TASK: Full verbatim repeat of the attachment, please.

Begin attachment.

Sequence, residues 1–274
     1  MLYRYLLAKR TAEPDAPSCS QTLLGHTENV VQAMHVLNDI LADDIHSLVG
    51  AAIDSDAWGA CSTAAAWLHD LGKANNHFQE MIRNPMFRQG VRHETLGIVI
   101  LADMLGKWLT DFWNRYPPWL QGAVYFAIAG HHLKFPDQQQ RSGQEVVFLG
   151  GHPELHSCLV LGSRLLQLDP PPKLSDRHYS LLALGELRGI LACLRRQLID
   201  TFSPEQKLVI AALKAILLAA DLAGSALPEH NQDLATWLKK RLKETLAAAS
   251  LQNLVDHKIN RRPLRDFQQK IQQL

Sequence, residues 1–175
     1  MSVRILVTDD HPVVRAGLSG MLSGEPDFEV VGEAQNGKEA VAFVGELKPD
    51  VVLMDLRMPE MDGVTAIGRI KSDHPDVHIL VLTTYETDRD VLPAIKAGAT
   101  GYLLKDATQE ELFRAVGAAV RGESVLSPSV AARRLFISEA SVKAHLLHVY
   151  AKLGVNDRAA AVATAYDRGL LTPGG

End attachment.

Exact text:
Sequence, residues 1–274
     1  MLYRYLLAKR TAEPDAPSCS QTLLGHTENV VQAMHVLNDI LADDIHSLVG
    51  AAIDSDAWGA CSTAAAWLHD LGKANNHFQE MIRNPMFRQG VRHETLGIVI
   101  LADMLGKWLT DFWNRYPPWL QGAVYFAIAG HHLKFPDQQQ RSGQEVVFLG
   151  GHPELHSCLV LGSRLLQLDP PPKLSDRHYS LLALGELRGI LACLRRQLID
   201  TFSPEQKLVI AALKAILLAA DLAGSALPEH NQDLATWLKK RLKETLAAAS
   251  LQNLVDHKIN RRPLRDFQQK IQQL

Sequence, residues 1–175
     1  MSVRILVTDD HPVVRAGLSG MLSGEPDFEV VGEAQNGKEA VAFVGELKPD
    51  VVLMDLRMPE MDGVTAIGRI KSDHPDVHIL VLTTYETDRD VLPAIKAGAT
   101  GYLLKDATQE ELFRAVGAAV RGESVLSPSV AARRLFISEA SVKAHLLHVY
   151  AKLGVNDRAA AVATAYDRGL LTPGG